According to recent polls, voters are dissatisfied with both major political parties. Voter discontent is the natural corollary of Clifford's Law of American Politics, which states:
The Republican Party is the party of the rich. If you are rich, vote Republican, unless you are a rich trial lawyer. The Democratic Party is the party of trial lawyers and municipal unions. If you are a trial lawyer or belong to a municipal union, vote Democratic. If you are neither rich nor a trial lawyer nor a union member, you are going to get screwed. If you prefer being screwed by the rich, vote Republican. If you would rather be screwed by trial lawyers and municipal unions, vote Democratic.
Disappointed by both parties, voters are demanding changes. They want parties that are committed to their principles and not beholden to special interests.
To accomplish this, the existing parties must be realigned.
I propose the formation of two new parties – the Fools and the Knaves - to replace the Democratic and Republican parties.
Voters will then have a clear choice. Under realignment, every politician would have to state unequivocally whether he or she is a Fool or a Knave. Like many voters today, I am often confused.
I often conclude that council member X, or congressman Y, must be either a Fool or a Knave. But I am not sure which. With party realignment, I would definitely know.
Realignment is more than simply re-labeling. Republicans, who usually pursue knavish policies (let's enrich our class, and either neglect or bomb everyone else), would be the core of the Knaves. Democrats, preferring foolish policies (let's raise taxes and spend money on government programs that don't work) would constitute the majority of the Fools.
However, there will be a lot of switching. Sens. Larry Craig and David Vitter are Fools masquerading as Knaves. John Edwards, being a plaintiffs' lawyer, is a Knave by definition. Hillary is no Fool, but even her husband, a man seldom criticized for slavish adherence to the truth, could not deny her many Knavish characteristics.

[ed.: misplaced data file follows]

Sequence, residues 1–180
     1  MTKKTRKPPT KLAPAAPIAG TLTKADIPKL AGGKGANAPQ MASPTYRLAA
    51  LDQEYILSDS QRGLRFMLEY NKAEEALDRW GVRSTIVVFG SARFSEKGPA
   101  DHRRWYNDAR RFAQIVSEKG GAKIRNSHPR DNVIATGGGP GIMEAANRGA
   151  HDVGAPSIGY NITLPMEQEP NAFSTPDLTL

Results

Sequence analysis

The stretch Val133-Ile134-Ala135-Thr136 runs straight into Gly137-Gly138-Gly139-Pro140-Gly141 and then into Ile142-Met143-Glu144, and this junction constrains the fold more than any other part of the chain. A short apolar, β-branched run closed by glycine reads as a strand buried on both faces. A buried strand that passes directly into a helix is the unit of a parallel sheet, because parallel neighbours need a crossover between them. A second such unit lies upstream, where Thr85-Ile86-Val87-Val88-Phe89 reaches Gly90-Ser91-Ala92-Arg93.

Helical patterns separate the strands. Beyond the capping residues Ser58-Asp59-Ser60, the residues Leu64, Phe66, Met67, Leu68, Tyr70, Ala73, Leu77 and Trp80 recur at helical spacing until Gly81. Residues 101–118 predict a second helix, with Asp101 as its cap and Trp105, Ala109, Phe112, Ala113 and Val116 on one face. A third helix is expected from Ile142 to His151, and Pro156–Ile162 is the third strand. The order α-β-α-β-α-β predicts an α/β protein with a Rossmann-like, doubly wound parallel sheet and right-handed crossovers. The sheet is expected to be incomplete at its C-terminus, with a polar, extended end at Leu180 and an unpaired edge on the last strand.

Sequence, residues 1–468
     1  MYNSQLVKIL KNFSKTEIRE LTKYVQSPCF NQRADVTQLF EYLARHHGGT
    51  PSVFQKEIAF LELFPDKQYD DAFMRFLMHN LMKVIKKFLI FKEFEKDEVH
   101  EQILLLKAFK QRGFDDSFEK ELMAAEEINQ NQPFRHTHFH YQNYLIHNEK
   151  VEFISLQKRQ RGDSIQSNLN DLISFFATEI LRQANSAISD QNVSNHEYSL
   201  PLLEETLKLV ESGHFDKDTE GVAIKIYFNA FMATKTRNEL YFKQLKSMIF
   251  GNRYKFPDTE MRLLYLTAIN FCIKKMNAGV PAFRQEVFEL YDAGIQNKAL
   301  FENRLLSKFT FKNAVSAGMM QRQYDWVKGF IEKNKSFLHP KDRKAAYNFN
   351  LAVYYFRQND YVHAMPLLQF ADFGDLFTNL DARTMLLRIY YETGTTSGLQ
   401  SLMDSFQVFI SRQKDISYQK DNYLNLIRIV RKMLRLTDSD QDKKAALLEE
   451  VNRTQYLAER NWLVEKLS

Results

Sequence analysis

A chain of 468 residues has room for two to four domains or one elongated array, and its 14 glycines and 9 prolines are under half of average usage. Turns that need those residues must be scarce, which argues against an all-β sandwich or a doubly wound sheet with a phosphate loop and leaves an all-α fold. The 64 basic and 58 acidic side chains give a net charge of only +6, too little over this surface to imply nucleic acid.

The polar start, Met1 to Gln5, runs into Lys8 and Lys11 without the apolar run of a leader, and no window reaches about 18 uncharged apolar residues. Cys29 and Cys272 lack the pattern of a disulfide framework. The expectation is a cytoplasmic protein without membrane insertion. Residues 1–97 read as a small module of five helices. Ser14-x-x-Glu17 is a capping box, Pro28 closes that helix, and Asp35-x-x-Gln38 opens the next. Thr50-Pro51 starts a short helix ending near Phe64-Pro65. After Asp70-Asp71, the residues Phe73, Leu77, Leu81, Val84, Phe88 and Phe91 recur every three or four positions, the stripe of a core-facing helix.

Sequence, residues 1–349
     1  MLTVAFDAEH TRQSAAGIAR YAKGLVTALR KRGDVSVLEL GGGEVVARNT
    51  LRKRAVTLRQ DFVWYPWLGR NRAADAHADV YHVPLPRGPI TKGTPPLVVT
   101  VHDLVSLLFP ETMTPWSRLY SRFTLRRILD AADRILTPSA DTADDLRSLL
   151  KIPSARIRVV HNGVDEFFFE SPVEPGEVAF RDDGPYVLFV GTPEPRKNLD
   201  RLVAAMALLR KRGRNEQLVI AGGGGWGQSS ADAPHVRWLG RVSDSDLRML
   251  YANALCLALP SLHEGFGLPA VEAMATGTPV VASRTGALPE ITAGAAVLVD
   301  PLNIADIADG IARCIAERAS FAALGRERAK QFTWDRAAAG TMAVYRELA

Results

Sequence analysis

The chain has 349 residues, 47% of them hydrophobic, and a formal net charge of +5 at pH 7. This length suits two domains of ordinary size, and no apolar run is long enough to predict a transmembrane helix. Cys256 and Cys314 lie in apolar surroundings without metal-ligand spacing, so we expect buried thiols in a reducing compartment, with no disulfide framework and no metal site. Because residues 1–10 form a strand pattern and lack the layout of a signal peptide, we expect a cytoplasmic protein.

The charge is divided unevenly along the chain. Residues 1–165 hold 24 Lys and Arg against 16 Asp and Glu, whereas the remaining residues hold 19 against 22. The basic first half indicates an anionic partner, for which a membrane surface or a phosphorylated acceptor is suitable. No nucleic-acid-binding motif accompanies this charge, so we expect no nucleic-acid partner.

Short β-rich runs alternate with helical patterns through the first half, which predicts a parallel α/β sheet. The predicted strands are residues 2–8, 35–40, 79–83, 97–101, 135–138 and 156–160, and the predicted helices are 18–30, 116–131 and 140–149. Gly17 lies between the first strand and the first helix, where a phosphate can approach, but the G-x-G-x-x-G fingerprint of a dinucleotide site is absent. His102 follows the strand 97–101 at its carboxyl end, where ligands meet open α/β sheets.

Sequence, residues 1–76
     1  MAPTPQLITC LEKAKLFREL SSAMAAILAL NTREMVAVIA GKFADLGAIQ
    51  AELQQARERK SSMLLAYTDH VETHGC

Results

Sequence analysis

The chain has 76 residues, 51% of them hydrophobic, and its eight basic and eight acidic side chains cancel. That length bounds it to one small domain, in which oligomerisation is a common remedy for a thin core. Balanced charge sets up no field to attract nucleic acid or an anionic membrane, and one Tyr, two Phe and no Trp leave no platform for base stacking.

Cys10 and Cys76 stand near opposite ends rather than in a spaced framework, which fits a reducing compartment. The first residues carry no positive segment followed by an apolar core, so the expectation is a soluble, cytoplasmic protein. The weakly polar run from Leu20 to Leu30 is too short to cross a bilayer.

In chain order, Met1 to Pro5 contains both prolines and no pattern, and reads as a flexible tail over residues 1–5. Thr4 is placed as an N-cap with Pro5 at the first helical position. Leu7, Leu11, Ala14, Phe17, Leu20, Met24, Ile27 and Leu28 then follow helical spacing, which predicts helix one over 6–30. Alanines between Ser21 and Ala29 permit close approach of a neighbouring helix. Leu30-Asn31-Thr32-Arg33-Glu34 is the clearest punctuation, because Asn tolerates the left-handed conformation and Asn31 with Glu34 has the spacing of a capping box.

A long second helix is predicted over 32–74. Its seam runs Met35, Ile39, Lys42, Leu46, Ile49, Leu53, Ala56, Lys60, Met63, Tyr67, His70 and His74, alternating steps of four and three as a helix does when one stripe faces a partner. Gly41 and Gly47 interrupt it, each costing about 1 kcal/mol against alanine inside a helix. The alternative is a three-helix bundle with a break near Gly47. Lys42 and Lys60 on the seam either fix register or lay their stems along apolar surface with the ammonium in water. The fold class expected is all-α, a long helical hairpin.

It will be a difficult choice for some. Is George Bush more a Fool than a Knave? It's hard to tell. Remember, under realignment, he can no longer claim to be both.
Washington will become a one-party state. We are cursed with a plethora of earnest Fools. Our lack of Knaves is what makes local politics so boring.
Realigning the parties into Knaves and Fools will improve political advertising. We would stop being assaulted by negative TV ads featuring grainy photos of an opponent, while an announcer intones:
Jennifer Jones says she favors increased health for the elderly – but she voted against a bill to grant seniors eternal life. It's time to ask Jennifer Jones why she wants to murder your mother.
Instead, candidates could tersely state, "My opponent, Jennifer Jones, is a Knave. Vote for me. I'm a Fool."
We would also have less punditry. Who would watch Gridlock in Senate: Why The Fools and Knaves Can't Agree?
Unfortunately, every four years we could not escape a pundit-observing:
As the election approaches, polls indicate that after eight years of being governed by Knaves, the American electorate will vote in the Fools.
There is cyclicality to American politics. Eight years ago, voters were sick of Fools and couldn't wait to put the Knaves in charge. Now it appears to this observer that the electorate will embrace the Fools, not because they love Fools but because they are weary of Knaves.
So the Fools will be in charge, but four or eight years hence, voters will again tire of them and bring back the Knaves. Plus ca change, plus c'est la meme chose.
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